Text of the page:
Last week, I attended IT Expo in Las Vegas, which is the last real horizontal communications tradeshow in the U.S. The show covers a variety of topics and does it well. I would say the theme of this show was “getting down to earth,” which is a weird theme considering the show was in Las Vegas, which is about as fake as it can get. But the show did a very good job of covering the implementation of topics, such as WebRTC, mobile video, UC and cloud.
The WebRTC panel I was participated in was both very educational and provocative. These end up being the best panels. The room was packed and standing room only, and the audience already had a decent understanding of WebRTC, so we got into some more advanced topics. One question that was asked during the panel was,”"Is WebRTC really revolutionary?” I believe it is evolutationary at first, since all endpoints won’t be WebRTC-enabled in the beginning; however, evolving your application to include WebRTC needs to occur NOW. Ultimately, WebRTC will be revolutionary and will bring new paradigms. Building applications to include embedded urls to make phone calls, and also integrating websites and IVR together will introduce different paradigms. Ultimately the true takeup of WebRTC will be similar in overall timescales and rollouts as the development of applications and use cases were for VoIP.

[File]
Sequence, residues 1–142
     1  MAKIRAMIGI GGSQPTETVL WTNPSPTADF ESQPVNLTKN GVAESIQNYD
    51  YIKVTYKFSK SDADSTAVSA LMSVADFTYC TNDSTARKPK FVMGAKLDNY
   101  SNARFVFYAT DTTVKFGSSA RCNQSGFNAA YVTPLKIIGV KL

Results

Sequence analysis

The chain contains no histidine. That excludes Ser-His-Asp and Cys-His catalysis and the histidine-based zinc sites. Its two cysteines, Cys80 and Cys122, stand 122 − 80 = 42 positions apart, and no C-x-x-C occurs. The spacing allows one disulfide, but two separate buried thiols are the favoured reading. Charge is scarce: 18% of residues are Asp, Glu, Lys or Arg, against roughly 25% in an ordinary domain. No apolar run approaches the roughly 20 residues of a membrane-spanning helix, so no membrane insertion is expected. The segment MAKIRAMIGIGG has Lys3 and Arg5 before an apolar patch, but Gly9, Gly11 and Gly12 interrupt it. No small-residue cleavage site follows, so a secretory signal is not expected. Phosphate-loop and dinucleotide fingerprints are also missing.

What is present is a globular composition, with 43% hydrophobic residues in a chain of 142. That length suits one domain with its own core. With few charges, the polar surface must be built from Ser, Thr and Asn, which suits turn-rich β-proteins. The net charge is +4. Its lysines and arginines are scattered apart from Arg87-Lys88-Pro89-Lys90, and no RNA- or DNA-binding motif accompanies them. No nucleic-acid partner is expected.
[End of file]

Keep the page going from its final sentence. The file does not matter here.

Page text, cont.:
We also touched on whether the IVR could go away. The panel concluded that voice and speech will always be needed. We also talked about whether video will be a big differentiator in WebRTC (the panel was kind of split on this, but I believe based on what I’m seeing in the market that video and WebRTC go together very well). This is a great topic and one that will be around until it becomes the norm.
IT Expo is one of the few times I am able to attend a presentation just to learn, and I decided to attend an M2M presenation by Deutsche Telekom. DT talked about a partnership they are doing regarding “talking” to/from cars and understanding what your car is doing. Ultimately, it’s all about car tracking, and usage of car tracking, monitoring the car, etc. For instance, if you park the car and it gets moved, you get a text message. Or you could get a monthly text message about your mileage if you are leasing the car. (Alternatively, you go read the odometer I guess, but that would require someone to remember to do and to actually physically do something, which is a pain.) Or you could get a “score” about your green / eco usage compared to others and that might help you improve, if you are into that sort of thing. All very interesting. Yes, it’s all about improved customer service. And it’s all about improved revenue. Would you be willing to pay for these kinds of services? Hard to say.